On this Fourth of July we rightly remember the founding of our nation. We remember ideals of democratic government that had only intermittently been practiced to greater and lesser extents throughout human history. We remember blood shed in sacrifice so that democratic governance might be born and maintained.
It is also a good time to reflect on the nature of freedom. False notions of freedom are potentially as dangerous as the deprivation of true freedom.
Civil law that is not rooted in natural law has power, rather than justice, as its foundational principle. Laws rooted in fear, expedience, or a distorted conception of the individual undermine democracy. Abortion is a prime example of this problem.
True freedom has boundaries. I have heard it said that a fire within the confines of a hearth heats the home, but outside the hearth, the fire burns down the home. We must rid ourselves of the idea that restrictions by definition mean the limiting of freedom.
St. James reminds us that law in its restrictions gives us liberty:
But be doers of the word, and not hearers only, deceiving yourselves. For if any one is a hearer of the word and not a doer, he is like a man who observes his natural face in a mirror; for he observes himself and goes away and at once forgets what he was like. But he who looks into the perfect law, the law of liberty, and perseveres, being no hearer that forgets but doer that acts, he shall be blessed in his doing. (James 1:22-25)
The law of liberty gives us not only rights, but obligations as well. The Catechism of the Catholic Church reminds us of this fact regarding the Ten Commandments:
They shed light on the essential duties, and so indirectly on the fundamental rights, inherent in the nature of the human person. The Decalogue contains a privileged expression of the natural law.... (CCC, 2070)
I am currently reading Pope John Paul II's encyclical letter, Veritatis Splendor (The Splendor of Truth), which elaborates the connection between human freedom and truth. There he quotes the above passage from the Catechism. I hope to comment on Veritatis Splendor more after finishing it.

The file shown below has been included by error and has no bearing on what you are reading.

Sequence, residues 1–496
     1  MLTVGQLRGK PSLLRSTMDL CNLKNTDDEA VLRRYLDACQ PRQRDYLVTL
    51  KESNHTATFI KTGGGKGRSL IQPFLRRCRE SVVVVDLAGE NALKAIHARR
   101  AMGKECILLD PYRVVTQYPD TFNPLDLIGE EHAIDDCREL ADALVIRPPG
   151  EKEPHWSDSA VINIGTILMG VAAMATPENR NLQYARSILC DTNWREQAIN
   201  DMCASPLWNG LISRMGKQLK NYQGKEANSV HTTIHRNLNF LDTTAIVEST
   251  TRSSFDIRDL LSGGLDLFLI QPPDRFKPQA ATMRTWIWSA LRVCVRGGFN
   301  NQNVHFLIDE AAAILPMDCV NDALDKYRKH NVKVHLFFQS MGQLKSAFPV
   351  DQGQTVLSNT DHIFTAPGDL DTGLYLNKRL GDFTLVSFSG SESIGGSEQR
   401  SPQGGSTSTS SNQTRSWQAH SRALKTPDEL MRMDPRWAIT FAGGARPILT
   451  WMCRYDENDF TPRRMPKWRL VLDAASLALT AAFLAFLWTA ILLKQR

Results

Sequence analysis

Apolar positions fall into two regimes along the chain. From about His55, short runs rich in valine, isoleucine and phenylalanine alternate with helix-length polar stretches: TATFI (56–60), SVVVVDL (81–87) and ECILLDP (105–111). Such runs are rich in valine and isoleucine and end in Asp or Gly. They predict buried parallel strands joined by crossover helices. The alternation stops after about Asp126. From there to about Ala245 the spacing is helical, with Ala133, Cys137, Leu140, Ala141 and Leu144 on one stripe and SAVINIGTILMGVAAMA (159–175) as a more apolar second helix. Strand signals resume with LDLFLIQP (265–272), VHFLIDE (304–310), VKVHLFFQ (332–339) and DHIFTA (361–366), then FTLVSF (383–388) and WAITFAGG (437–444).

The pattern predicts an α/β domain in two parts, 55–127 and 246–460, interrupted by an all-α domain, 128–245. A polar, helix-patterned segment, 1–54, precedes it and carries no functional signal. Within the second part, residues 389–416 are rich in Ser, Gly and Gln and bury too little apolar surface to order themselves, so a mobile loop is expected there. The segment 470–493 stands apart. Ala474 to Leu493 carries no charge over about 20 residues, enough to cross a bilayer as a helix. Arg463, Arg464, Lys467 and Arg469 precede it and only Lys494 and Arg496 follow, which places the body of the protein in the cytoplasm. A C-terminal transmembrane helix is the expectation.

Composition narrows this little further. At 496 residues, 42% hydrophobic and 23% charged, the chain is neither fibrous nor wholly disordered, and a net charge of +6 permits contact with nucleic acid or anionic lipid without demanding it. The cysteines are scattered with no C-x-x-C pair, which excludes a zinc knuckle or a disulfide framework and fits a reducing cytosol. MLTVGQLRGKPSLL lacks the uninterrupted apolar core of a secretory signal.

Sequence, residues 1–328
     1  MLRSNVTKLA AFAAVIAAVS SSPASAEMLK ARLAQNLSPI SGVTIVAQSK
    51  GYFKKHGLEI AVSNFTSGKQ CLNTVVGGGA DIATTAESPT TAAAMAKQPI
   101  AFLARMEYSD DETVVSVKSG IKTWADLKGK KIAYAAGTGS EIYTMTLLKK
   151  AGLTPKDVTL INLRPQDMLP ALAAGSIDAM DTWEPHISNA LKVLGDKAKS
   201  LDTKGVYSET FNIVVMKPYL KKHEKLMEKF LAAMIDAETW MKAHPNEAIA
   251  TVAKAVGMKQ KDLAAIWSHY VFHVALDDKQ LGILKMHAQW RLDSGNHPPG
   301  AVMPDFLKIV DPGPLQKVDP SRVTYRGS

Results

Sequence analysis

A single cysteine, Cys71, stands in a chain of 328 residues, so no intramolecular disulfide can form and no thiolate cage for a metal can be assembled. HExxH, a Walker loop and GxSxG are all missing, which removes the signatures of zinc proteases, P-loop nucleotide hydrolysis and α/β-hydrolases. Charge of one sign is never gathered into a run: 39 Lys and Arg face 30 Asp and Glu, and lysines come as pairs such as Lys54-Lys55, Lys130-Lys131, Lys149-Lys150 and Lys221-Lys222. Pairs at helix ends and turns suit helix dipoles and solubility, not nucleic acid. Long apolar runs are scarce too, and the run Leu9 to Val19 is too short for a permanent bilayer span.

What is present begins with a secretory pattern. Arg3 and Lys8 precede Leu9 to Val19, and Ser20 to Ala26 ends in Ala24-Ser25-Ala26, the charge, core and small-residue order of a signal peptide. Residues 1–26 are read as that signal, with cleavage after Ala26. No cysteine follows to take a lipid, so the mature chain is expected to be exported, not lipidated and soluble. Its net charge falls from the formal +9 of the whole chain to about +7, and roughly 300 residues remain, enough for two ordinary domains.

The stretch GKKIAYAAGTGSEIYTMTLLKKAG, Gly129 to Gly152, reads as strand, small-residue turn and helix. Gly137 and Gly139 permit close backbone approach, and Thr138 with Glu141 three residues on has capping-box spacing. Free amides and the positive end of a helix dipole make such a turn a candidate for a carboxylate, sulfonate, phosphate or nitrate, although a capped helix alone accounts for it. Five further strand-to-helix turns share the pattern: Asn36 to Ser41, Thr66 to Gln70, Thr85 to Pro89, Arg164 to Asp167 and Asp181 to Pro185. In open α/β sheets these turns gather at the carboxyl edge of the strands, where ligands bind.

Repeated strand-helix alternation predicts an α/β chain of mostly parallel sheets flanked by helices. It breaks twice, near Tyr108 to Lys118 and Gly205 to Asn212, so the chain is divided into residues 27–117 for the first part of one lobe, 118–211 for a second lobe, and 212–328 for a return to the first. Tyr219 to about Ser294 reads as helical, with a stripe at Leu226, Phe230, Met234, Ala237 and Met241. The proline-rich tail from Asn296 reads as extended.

The Christian tradition emphasizes that freedom is necessary for love, for without free will there cannot be love, since love is an act that cannot be compelled. As a result, the Christian experience is filled with people who freely chose to endure tremendous restrictions on their own will to do God's. In the Agony of the Garden, Jesus submits his human will to the Father's to endure torture and execution. "My Father, if it be possible, let this cup pass from me; nevertheless, not as I will but as thou wilt" (Matthew 26:39). In the Annunciation, Mary submits to God's will to bear the Messiah, although it will cause her great sorrow. "Behold, I am the handmaid of the Lord; let it be to me according to your word" (Luke 1:38). In fact, the Greek word translated here as handmaid is doule, which is a female slave. A slave has no freedom in the legal sense. St. Peter would follow Jesus to the end (with some detours), himself facing crucifixion. After telling Jesus three times that he loves Him (a kind of reparation for his three denials of Jesus at the time of His Passion), Jesus tells Peter:
"Truly, truly, I say to you, when you were young, you girded yourself and walked where you would; but when you are old, you will stretch out your hands, and another will gird you and carry you where you do not wish to go." (This he said to show by what death he was to glorify God.) And after this he said to him, "Follow me." (John 21:18-19)
Human beings often do not do what they should do or what is best for them because these things do not correspond with our desires. But freedom is not doing whatever we want whenever we want it. Freedom is choosing the good for the sake of God, and the benefit to others and oneself.
Hugo Munsterberg made this comment on the state of American education 100 years ago in 1909:
We began to feel that those who had never learned to obey never really became their own masters.... (The Atlantic, October, 1909).
It seems paradoxical that obedience can lead to mastery, but it is true. I have heard it asked, who is more free: the musician who through discipline and self-denial has learned through many years of practice how to play a piano beautifully, or the untaught person who simply bangs on the keys?
We are very fortunate to live in the United States and have all the freedoms we enjoy. To be sure, we have not always lived up to our ideals (slavery and the genocide of Native Americans being two of the most notable instances). However, given our fallen human nature, we should not be surprised by this fact. We should not settle for it, but we should not be surprised.
We should remember on this day those who, like Jesus, chose to be "obedient unto death" (Philippians 2:8), sacrificing their lives for us. They knew a kind of freedom of which the rest of us have but a dim vision.
Year A Twentieth Sunday in Ordinary Time
11 hours ago